• Durability and Water Damage Mitigation: When designing to meet airtightness goals, water control is also typically addressed as well by reviewing the building enclosure environmental control layers for continuity. A building with favorable airtightness performance will be more resistant to moisture, which can cause damage to the building structure and finishes. Water control issues are not good for any party involved with the project. WBAT can mitigate this risk which in turn helps to increase durability and the lifespan of the building.
  • Diagnose Performance Issues: Qualitative procedures like ASTM E1186 infrared thermography and smoke testing, typically performed as part of the WBAT protocol, offer a last chance to find defects in the building enclosure at substantial completion or before warranty period is over.
  • Sustainability and Energy Performance: Uncontrolled air leakage can be up to approximately 30% of building energy usage. Verification of performance against energy model is key to ensuring the building performs as intended and required to meet sustainability goals.
  • Indoor Air Quality: Airtightness can allow for a more effective ventilation strategy to control moisture, indoor/outdoor pollution, microbial growth, etc. Modulate ventilation through ventilation systems (with energy recovery preferred) versus “natural ventilation” that is uncontrolled/unpredictable.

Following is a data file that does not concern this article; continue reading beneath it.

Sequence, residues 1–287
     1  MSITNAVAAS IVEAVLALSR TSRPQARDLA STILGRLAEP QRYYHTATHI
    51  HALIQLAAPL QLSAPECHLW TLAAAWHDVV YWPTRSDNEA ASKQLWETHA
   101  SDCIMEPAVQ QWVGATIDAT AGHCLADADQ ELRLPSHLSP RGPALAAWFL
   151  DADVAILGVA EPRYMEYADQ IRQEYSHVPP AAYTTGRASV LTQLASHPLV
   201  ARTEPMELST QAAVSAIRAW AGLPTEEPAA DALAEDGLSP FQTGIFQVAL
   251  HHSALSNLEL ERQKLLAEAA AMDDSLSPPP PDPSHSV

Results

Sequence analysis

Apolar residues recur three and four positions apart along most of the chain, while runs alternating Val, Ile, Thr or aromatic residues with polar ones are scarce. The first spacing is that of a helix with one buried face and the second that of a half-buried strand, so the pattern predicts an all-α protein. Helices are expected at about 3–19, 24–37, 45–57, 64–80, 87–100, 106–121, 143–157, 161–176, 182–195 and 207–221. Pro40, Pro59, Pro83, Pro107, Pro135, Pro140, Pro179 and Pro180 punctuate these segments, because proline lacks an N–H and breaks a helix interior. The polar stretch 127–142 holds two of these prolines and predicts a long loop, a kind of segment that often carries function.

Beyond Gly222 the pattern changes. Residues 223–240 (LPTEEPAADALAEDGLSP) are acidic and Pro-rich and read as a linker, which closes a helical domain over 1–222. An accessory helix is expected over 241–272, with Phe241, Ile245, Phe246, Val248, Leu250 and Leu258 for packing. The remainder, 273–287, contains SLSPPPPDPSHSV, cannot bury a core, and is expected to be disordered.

• Mechanical System Sizing: By adding/verifying a performance target, the designer may be able to decrease size of mechanical equipment. There can be a reduced initial cost and long-term operating cost when accurate assessment of airtightness is accounted for in design and verified for the building.
  • Thermal Comfort: Improve control over space temperature/humidity.

Sustainable Building Partners (SBP), Building Enclosures Group has staff with over a decade of residential and large building whole building airtightness (“blower door”) testing experience with all building types and sizes. We are among the industry leaders in the blower door testing space. Our involvement with Air Barrier Association of America (ABAA), specifically the Whole Building Airtightness Testing Task Group has allowed SBP staff to become integral to the review and development of the ABAA, Whole Building Airtightness Technician Program for large buildings. SBP staff are part of select group of experts that are qualified as trainers for the ABAA training program.


Industry Test Standards:

  • ASTM E779, Standard Test Method for Determining Air Leakage Rate by Fan Pressurization
  • ASTM E3158, Standard Test Method for Measuring the Air Leakage Rate of a Large or Multizone Building
  • The United States Army Corps of Engineers Air Leakage Test Protocol for Building Envelopes
  • ASTM E1827, Standard Test Methods for Determining Airtightness of Buildings Using an Orifice Blower Door
  • ASTM E1186, Standard Practices for Air Leakage Site Detection in Building Envelopes and Air Barrier Systems
  • ISO 6781, Thermal Insulation Qualitative Detection of Thermal Irregularities in Building Envelopes – Infrared Method
  • ISO 9972 Thermal Performance of buildings – Determination of air permeability of buildings – Fan pressurization method
  • ASTM C1060, Standard Practice for Thermographic Inspection of Insulation Installations in Envelope Cavities of Frame Buildings